• Processing multiple sensory modalities is critical for executing complex behaviors. This study finds that single cerebellar granule cells integrate inputs from both vestibular and visual input pathways, each exhibiting characteristic synaptic strengths and plasticities. These are translated into output dynamics that enhance the network's representation of complex sensory contexts.

    • François P Chabrol
    • Alexander Arenz
    • David A DiGregorio
  • It has been suggested that hippocampal sharp-wave ripples (SWR) are important for memory consolidation. Here, the authors found that the activation of a non-serotoninergic subpopulation of median raphe neurons suppresses hippocampal sharp-wave ripples and impairs memory consolidation. These findings uncover a new brainstem influence on SWR and hippocampal memory function.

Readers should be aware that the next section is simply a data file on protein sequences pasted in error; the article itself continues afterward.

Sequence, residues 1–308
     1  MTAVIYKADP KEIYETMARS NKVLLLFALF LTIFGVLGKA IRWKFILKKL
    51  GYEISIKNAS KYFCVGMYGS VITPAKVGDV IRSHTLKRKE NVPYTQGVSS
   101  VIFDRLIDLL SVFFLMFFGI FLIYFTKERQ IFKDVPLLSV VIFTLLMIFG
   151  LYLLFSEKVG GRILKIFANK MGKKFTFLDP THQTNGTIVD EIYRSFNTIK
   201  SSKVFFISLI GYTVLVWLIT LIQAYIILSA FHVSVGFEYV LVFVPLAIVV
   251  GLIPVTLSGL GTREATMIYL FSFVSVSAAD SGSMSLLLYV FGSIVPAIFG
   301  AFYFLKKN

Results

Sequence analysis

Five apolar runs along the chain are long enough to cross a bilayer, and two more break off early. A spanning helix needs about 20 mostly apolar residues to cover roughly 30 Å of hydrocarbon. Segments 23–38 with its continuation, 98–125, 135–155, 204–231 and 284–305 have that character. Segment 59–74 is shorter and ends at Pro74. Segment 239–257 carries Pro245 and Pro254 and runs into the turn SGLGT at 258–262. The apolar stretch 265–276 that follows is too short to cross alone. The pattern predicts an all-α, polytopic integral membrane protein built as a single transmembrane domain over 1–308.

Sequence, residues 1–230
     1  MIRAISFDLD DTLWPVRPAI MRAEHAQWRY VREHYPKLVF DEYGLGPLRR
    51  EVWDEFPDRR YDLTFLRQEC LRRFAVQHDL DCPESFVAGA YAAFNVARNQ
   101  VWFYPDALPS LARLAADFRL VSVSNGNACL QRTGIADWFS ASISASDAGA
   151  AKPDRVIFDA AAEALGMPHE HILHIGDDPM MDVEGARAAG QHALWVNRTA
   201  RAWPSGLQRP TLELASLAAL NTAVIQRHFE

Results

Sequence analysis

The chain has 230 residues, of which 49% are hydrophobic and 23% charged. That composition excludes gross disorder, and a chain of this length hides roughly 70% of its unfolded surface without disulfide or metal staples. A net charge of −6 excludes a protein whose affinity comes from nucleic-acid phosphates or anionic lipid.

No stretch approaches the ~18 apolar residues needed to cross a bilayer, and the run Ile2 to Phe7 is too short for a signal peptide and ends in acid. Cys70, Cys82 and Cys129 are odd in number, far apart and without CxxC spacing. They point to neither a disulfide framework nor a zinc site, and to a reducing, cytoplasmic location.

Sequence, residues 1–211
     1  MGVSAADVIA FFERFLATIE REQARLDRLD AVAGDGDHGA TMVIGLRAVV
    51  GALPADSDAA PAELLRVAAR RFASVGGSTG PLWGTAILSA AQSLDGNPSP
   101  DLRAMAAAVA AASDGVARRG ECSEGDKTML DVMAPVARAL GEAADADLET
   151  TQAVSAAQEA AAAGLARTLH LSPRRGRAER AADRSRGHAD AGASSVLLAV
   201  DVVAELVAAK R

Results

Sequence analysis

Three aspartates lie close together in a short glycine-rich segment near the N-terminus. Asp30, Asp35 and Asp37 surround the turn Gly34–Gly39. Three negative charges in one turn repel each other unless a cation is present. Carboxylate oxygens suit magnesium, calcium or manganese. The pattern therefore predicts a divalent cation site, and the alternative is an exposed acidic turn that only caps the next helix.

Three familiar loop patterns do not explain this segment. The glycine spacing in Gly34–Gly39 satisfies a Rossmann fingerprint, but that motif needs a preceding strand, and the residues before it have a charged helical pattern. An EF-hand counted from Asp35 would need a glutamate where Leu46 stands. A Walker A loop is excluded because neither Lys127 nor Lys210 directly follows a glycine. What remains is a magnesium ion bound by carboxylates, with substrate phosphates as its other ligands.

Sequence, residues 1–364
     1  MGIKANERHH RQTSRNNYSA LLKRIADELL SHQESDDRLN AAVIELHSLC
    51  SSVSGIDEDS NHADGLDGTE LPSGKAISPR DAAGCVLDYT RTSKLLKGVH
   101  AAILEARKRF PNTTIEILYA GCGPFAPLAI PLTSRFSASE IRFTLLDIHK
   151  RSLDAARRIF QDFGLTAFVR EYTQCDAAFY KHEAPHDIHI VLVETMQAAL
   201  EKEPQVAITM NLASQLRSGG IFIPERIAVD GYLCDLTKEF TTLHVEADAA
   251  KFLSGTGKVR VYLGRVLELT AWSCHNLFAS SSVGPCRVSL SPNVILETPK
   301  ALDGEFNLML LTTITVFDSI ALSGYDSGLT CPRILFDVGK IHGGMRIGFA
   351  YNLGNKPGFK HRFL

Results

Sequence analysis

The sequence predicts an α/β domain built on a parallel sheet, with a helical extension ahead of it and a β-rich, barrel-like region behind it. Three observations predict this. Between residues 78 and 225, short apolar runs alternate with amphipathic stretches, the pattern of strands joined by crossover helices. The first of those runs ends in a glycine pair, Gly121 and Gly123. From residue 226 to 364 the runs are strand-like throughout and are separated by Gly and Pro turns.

• Dong V Wang
    • Hau-Jie Yau
    • Satoshi Ikemoto
  • The relationship between EEG oscillations and underlying neural activity is unclear. The authors find a U-shaped relationship between the two in visual cortex that is linked to visuospatial attention performance in monkeys. A neural network model indicates a critical role for selective inputs to inhibitory neurons.

    • Adam C Snyder
    • Michael J Morais
    • Matthew A Smith
  • The authors used new network-analysis algorithms to examine how distributed networks of brain areas are reorganized as humans learn a new motor skill. Using fMRI, the authors found that learning induced autonomy of sensorimotor systems and that a release of cognitive control hubs predicted individual differences in learning.

    • Danielle S Bassett
    • Muzhi Yang
    • Scott T Grafton